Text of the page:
I also work at private college and we have tuition exchange with 600+ schools, which means Child could potentially get the tuition part for free, BUT I do not want her to be constrained by this list at all. While there are plenty of great schools on the list, if she wants to go somewhere else, I will be more than happy to write that check.

    http://www.tuitionexchange.org/schools.cfm
     
  4. pygmalion

    pygmalion Well-Known Member

    Yes. I see your point of view, CCM. I've also seen more than a few friends struggle with kids who got that check and didn't value it at all.

    One close friend of mine paid for her son to go to undergrad for engineering. When, five years later, he had changed majors twice (or maybe three times) and was nowhere near an actual college diploma, she agreed to pay for one more year of tuition then she cut him off.

    One year after Mom-subsidized tuition disappeared, he finally graduated with a BA in I-can't-remember. Seven years to get a four year degree. And this is just one of many, many examples I could name.

    I do think that a lot depends on the kid, though. Some get it. Some don't.
     
  5. fascination

    fascination Site Moderator Staff Member

    dh and I both agreed that our children had demonstrated appreciation for their academics well before college and that one thing we would never want would be for them to be saddled down with loans...while we expected them to do their best to procure merit based assistance, they also knew/know that we will make whatever they want to have happen, happen...absent their becoming exceedingly idiotic along the way...it has worked well thusfar....I expect it to continue to work well...but they have know all along what various consequences would be if they took various forms of a "stupid pill"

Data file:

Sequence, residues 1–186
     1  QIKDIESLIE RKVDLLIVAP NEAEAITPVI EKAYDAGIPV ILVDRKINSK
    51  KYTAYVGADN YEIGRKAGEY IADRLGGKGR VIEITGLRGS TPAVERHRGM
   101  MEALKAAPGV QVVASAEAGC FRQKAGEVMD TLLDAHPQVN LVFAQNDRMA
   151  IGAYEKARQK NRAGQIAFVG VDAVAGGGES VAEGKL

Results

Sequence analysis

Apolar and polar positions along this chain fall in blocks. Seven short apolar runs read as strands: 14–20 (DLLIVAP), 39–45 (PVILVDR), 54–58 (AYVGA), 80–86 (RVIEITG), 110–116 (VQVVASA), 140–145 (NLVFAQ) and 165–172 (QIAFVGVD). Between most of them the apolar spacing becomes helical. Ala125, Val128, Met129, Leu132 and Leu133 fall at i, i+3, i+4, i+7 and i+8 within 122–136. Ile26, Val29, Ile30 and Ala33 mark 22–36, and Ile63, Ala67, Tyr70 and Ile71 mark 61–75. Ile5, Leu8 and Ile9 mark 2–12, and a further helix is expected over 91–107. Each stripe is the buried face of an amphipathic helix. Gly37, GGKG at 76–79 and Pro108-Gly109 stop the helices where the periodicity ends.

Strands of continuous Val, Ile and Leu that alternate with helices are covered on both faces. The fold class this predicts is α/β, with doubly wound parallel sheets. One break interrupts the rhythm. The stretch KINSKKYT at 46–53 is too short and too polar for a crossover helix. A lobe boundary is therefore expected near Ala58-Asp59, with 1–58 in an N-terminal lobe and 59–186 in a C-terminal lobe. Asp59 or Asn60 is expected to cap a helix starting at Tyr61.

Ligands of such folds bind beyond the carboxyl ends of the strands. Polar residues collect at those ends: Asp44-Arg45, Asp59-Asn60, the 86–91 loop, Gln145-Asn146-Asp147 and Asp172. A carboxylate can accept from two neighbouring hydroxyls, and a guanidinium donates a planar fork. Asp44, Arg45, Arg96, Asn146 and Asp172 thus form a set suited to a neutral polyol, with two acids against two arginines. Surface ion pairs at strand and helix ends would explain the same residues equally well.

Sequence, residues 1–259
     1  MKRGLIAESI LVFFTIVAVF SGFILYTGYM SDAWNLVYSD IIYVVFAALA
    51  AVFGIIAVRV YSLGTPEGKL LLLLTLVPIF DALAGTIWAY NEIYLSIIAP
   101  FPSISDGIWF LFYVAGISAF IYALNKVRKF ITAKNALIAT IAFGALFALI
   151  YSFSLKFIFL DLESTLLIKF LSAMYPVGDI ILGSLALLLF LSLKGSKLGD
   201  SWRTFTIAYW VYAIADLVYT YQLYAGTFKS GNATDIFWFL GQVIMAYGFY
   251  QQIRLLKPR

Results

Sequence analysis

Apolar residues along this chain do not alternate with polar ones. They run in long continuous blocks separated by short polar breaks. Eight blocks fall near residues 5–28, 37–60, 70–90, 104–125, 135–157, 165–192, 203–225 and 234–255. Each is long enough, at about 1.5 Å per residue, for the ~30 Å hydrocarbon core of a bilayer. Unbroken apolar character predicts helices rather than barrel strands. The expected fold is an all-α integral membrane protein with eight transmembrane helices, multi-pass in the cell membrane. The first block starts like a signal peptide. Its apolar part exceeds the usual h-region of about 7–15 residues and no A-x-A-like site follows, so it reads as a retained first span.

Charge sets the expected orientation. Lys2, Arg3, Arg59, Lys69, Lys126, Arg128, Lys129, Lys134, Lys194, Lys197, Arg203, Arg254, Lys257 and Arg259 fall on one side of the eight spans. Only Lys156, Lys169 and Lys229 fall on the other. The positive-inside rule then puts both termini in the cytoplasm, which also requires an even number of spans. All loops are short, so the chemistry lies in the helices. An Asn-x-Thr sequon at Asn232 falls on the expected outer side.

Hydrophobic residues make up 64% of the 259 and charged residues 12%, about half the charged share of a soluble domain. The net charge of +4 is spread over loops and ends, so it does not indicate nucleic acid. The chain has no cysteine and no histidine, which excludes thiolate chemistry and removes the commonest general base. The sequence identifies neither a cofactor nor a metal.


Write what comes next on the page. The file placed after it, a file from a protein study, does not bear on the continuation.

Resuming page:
6. pygmalion

    pygmalion Well-Known Member

    Exactly. DS will not be burdened with loans. That I guarantee. Everything else depends on how he shapes up in the next year or two. If I had to sum up my view, I'd say that my goal is to be prepared to write a check, however large or small, to cover tuition expenses. But I'm expecting DS to step up and carry a reasonable share of the load, with demonstrated academic engagement and emotional maturity.
     
  7. ChaChaMama

    ChaChaMama Well-Known Member

    Exactly.

    I would also draw corollaries:
    1) For a lot of the kids who do not get it, it has very little to do with who is paying. It has to do with what values were or were not inculcated throughout life.

    2) Parents have to be good at listening to their children. I have had some high-ability, mediocre-performing students whom I have sat down for a little one-on-one chat. I explain to him (usually a him) that he is probably going to pass my course, but that it's a little disappointing that he is just passing when he obviously could be excelling. And sometimes, such a student will tell me that he didn't really feel ready for college, but that Mom and Dad insisted he go right out of high school. I think parents should let the kid work for a year or more if that is what the kid wants to do. Let them taste the "real world" without a college degree first. If it turns out said child has the ability to earn a fantastic living without a degree and has no interest in college, fine. If it turns out--as it usually does--that a taste of working full-time gets that child more interested and motivated for college, also great.
     
  8. nucat78

    nucat78 Active Member

    Sometimes it takes awhile for a college student to find themselves. All three of my kids have / had clear ideas for their college-career path, but I can understand where sometimes a kid is a little lost or pressured into a major by family or realizes they don't have the capability to do well in their original major. So it might take them some time to get on the right road. I mean how many adults have switched careers multiple times?

    Of course, that has to be tempered with not providing funds forever.

    +1 on CCM's comments. And as an aside, we still need plumbers and carpenters and even garbage collectors. Not everybody is or should be an MBA, pushing spreadsheets around all day. (No offense - I'm an MBA myself and currently teaching post-secondary kids in a vocational college.)